Book Review (#9): Wuthering Heights

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Not so much a review as a heated, wholehearted rant regarding the characters and events of this story. Honestly though… WHY?! Why write a book full of such immoral characters, all of which more than deserve a knock on the head, yet attempt to suck the reader into their lives, just so you can give them all a dreadful end?! Just why?! 

Don’t get me wrong. I loved this book! I haven’t been so immersed in a classic since Dorian Gray. I started this book around exams time and instead of revising in the morning, I’d take myself to some secluded corner of the playground and read till it was time to take the test. Even though  I already knew how it’d all end. Even though I’d watched the movie a couple of years ago. The thing is, I went into this book thinking it’ll be tedious and heavy and bleak, mostly because of my previous encounter with Jane Eyre a while back. I just convinced myself I had something against all the Bronte sisters back then. But now, considering how immensely I’ve enjoyed this novel, I’m eager to see how my second trial with Charlotte Bronte will go. 

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But anyway… In my opinion, if you’re the kind of reader who can only read a book that has characters you can feel for and relate to, this is hardly for you. This is the kind of book you’ll go through wanting to kill each of the characters yourself because they’re all so stupid and indecisive and unkind. This is the kind of book you’ll have to read to the end just to see whether these characters will, in the end, be served what they deserve. For me, it wasn’t just that. I just wanted to see that there’s hope for some of the characters who weren’t as terrible. To see that people don’t have to serve time for crimes that aren’t theirs. That amid all the hatred and darkness, if someone is given enough reason to be good, even if they hardly have means to bring out their better nature, they’ll do it. But did I find that? You should read the book yourself if you wanna know, love. ;D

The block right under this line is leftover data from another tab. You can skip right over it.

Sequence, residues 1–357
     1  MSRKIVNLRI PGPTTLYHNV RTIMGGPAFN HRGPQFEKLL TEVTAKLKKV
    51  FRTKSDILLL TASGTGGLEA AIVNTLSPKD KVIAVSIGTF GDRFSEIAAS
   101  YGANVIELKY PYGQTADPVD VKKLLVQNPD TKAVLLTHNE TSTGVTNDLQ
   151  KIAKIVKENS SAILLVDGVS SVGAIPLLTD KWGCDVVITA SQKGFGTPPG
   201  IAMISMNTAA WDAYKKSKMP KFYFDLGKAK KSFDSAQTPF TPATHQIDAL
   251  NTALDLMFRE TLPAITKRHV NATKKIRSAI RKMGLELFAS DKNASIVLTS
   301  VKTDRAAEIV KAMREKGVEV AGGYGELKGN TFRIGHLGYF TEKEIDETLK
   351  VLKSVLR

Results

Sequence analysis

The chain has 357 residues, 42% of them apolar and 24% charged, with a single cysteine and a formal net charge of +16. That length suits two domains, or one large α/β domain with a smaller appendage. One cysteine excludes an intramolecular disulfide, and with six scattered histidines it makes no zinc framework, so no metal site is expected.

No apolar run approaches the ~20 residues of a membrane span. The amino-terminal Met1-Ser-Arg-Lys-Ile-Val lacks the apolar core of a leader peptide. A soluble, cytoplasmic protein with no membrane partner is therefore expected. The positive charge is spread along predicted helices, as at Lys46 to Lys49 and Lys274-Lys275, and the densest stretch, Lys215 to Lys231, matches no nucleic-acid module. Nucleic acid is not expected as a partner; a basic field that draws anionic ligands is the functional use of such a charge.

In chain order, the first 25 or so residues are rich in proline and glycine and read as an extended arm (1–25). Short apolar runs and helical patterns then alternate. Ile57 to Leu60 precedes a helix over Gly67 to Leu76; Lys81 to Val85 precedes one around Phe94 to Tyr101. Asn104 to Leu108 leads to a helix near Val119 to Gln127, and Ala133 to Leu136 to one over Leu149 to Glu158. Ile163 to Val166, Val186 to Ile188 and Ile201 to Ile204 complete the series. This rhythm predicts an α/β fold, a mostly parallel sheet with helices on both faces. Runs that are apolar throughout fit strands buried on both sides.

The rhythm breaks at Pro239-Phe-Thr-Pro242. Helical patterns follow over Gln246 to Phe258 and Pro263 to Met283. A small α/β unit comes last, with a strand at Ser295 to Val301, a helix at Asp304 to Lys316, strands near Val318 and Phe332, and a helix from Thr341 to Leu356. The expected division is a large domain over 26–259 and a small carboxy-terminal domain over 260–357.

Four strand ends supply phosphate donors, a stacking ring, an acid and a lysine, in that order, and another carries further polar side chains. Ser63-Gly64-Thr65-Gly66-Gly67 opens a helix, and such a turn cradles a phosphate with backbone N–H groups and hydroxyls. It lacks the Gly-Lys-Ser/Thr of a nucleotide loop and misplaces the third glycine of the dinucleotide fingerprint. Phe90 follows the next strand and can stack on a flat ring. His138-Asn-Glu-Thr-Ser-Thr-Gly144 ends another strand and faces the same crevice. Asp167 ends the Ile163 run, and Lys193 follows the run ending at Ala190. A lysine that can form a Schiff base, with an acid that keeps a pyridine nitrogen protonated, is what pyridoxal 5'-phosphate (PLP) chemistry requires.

There are a lot of parallels in this book. Emily Bronte includes two generations in the story, and I felt she did that to show us how each of them dealt with the challenges put forth to them. And that, to me, was a lot of fun to see. I would’ve been so sad if the story hadn’t put the second generation in the spotlight. I think I may have enjoyed their story a bit more than their predecessors’. 

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There’s also this gloomy feel to the story that makes it so scenic and engulfing. For hours after putting the book down, I could see the gaunt house within the bright fields and the girls’ floaty white dresses and all of that.